More than 3 million Americans suffer from chronic infection with the hepatitis C virus. Often considered a “silent killer, ” an infected individual may go for years without symptoms before liver damage even becomes apparent. As the disease progresses, it can cause long-term damage to the liver and may lead to liver dysfunction or failure. Cirrhosis, or end-stage liver disease, caused by the chronic hepatitis C infection, is currently the leading indication of the liver transplants in the United States.
Recently, the development of new drugs for hepatitis C has changed the management of liver transplant patients. Two newly approved medications are now being combined with traditional treatments to form a powerful new drug cocktail, improving the outcomes among patients with this challenging disease. The new cocktail, part of the arsenal of treatment at the Center for Liver Disease and Transplantation, adds the newly approved drugs (telaprevir and boceprevir) to antivirals already in use for hepatitis C (pegylated interferon and ribavirin). Together, the formula increases the cure rate from 40-50% to 70-80% and shortens the treatment time by half.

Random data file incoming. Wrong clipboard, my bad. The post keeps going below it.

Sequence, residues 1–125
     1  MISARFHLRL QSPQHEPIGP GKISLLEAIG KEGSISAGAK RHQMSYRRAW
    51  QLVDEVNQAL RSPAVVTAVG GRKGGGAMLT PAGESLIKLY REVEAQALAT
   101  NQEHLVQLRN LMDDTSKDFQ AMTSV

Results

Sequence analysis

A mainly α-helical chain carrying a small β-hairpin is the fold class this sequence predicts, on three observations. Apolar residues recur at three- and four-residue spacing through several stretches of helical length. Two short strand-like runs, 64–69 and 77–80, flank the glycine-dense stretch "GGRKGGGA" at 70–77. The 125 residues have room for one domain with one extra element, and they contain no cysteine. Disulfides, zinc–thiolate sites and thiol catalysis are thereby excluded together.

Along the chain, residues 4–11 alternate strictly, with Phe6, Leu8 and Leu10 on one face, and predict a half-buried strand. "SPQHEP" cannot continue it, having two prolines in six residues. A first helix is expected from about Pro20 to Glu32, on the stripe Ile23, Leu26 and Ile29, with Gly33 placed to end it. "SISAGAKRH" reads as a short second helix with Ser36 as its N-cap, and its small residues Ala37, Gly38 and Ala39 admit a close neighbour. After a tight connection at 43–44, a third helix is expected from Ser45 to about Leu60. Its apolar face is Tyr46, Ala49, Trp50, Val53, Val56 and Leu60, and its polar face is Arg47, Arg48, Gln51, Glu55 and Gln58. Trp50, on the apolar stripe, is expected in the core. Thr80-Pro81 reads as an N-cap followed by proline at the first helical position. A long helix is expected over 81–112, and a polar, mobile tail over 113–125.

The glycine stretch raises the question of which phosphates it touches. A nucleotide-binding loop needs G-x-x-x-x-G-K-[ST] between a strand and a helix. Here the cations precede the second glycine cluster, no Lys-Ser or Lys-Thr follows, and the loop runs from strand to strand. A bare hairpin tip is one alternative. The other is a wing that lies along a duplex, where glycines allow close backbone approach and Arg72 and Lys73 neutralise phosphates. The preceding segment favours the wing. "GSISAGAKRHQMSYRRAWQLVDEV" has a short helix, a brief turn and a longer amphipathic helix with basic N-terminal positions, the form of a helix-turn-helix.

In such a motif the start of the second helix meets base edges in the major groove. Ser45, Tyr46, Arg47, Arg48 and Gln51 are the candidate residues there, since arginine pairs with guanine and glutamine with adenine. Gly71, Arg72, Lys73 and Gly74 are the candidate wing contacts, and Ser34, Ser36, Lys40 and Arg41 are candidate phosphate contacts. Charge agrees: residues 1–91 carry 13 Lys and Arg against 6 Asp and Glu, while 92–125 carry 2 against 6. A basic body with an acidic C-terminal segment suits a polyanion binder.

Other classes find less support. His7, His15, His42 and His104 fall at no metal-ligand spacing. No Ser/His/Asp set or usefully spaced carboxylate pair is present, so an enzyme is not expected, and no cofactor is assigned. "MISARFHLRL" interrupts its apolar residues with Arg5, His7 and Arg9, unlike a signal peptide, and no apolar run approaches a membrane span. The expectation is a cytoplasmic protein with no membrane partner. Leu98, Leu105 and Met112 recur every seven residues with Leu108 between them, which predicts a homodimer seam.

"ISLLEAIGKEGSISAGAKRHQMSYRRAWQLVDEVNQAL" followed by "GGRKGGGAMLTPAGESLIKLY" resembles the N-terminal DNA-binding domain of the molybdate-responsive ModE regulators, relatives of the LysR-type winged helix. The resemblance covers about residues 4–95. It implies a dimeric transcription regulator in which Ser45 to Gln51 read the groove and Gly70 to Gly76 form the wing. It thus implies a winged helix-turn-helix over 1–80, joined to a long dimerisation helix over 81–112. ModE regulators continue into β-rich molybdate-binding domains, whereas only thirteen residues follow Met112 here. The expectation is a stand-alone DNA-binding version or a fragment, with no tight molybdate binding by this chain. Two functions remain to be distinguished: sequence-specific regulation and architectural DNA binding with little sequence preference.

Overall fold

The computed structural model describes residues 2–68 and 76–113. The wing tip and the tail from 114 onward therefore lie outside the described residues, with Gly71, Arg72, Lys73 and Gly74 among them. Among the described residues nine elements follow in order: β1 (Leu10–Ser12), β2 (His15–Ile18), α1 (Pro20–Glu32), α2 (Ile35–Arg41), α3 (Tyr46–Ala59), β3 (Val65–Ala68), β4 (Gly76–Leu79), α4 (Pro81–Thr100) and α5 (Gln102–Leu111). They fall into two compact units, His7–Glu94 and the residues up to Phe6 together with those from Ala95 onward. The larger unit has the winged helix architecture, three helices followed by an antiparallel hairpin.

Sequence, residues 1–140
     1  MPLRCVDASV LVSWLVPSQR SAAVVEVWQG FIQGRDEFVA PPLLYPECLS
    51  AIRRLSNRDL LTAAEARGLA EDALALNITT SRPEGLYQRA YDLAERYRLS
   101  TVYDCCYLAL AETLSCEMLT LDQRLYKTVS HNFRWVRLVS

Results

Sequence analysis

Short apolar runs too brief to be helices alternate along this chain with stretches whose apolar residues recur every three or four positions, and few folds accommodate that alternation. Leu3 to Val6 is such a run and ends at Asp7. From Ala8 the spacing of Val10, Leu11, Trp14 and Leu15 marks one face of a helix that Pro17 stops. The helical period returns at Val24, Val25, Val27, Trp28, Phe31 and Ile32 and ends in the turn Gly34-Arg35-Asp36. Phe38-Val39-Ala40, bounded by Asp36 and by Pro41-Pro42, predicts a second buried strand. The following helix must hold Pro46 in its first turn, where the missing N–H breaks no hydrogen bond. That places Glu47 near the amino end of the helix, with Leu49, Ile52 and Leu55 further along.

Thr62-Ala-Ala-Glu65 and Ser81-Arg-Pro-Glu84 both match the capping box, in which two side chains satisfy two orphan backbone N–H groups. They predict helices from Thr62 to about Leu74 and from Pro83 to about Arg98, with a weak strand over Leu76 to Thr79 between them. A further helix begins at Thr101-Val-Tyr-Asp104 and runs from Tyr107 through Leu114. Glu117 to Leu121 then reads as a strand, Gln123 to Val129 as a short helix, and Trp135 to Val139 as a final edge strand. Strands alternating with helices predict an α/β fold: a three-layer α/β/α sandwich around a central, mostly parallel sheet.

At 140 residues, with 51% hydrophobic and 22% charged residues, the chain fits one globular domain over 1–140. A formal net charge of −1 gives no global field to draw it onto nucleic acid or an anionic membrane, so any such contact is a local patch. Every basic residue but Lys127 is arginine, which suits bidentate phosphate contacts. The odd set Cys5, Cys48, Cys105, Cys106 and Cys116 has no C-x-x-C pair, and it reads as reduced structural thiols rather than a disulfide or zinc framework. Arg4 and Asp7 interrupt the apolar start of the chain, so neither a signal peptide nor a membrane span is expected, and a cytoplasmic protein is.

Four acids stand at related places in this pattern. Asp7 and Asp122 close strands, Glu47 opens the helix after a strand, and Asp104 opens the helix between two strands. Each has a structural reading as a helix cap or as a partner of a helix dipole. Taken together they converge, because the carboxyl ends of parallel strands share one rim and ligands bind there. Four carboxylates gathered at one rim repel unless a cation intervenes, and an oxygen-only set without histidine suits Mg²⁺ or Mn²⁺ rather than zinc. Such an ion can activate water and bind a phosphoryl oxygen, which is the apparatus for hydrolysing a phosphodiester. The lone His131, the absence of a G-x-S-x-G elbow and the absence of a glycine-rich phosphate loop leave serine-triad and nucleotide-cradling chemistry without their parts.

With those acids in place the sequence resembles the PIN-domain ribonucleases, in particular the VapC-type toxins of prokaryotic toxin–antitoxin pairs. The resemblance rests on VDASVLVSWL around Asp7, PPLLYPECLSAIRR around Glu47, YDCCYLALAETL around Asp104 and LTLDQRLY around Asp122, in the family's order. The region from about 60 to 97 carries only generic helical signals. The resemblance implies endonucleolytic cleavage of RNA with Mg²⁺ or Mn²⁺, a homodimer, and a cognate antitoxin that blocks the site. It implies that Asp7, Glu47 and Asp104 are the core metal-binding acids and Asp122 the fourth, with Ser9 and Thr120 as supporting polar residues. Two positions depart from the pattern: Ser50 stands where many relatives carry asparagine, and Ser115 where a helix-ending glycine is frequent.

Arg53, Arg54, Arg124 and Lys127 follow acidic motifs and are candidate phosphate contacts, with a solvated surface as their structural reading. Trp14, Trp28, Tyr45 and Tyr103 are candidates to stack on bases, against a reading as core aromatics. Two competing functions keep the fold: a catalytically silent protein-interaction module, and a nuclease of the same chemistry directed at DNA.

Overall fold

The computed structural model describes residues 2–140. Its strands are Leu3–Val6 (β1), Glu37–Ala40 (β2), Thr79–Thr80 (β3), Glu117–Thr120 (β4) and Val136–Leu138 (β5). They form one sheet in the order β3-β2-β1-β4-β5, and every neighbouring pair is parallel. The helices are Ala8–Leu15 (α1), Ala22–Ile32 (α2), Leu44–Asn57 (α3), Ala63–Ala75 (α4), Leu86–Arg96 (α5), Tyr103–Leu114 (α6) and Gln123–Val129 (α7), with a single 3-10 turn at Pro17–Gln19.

Join us November 14th at 1:00 PM/ET on Columbia Surgery Blog Talk Radio to chat with Hepatologist Elizabeth Verna, MD, MS, Assistant Professor of Medicine at NYP/Columbia’s Center for Liver Disease and Transplantation and Robert S. Brown Jr., MD, MPH, Director of the Center for Liver Disease and Transplantation. Speak to our expert about these new and exciting treatment options and learn more about Hepatitis C and the triple viral therapy medications. Dr. Verna will answer your questions live, such as:
- Who would be a good candidate for this new treatment?
- How does the triple viral therapy medications work together to better target the Hepatitis C infection?
- What is triple viral therapy’s role in liver transplantation?
Then on November 14th at 1:00 PM/ET log into Columbia Surgery Blog Talk Radio Channel to listen to the show. If you’d like to speak to Dr. Verna and Dr. Brown live, call 347-539-5189 while we are on the air.